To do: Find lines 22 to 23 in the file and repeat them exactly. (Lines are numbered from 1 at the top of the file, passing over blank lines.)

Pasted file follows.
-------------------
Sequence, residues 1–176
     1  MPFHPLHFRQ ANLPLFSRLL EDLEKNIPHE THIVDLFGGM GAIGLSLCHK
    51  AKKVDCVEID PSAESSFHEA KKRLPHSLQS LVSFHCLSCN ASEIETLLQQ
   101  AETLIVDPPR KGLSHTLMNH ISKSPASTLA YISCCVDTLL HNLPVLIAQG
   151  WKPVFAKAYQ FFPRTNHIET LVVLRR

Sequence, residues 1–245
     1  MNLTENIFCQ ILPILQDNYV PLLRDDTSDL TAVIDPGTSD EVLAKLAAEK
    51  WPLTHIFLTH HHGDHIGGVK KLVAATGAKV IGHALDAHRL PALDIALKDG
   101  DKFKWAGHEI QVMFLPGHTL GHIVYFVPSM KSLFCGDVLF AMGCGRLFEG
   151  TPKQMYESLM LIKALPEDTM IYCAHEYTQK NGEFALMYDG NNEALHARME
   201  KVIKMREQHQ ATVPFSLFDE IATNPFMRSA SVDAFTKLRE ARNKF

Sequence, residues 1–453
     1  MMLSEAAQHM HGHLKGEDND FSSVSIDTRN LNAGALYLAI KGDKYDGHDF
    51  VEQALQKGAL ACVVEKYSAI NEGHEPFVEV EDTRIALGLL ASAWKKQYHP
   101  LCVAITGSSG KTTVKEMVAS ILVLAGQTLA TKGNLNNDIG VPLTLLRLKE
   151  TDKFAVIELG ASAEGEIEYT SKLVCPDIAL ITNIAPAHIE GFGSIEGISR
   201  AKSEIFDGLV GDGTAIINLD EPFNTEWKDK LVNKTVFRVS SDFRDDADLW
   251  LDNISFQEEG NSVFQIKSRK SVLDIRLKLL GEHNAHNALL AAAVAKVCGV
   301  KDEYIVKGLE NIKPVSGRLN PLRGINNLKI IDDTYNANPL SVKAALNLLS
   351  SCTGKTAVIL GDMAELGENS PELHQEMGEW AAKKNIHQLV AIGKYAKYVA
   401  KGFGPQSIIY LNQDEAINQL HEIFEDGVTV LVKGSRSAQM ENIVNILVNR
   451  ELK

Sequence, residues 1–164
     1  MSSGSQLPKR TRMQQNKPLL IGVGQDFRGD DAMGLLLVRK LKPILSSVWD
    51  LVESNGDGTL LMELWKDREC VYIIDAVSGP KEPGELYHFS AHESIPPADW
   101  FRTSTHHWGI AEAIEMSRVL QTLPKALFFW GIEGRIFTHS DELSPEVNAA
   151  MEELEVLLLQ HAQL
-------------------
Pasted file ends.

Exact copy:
   451  ELK

Sequence, residues 1–164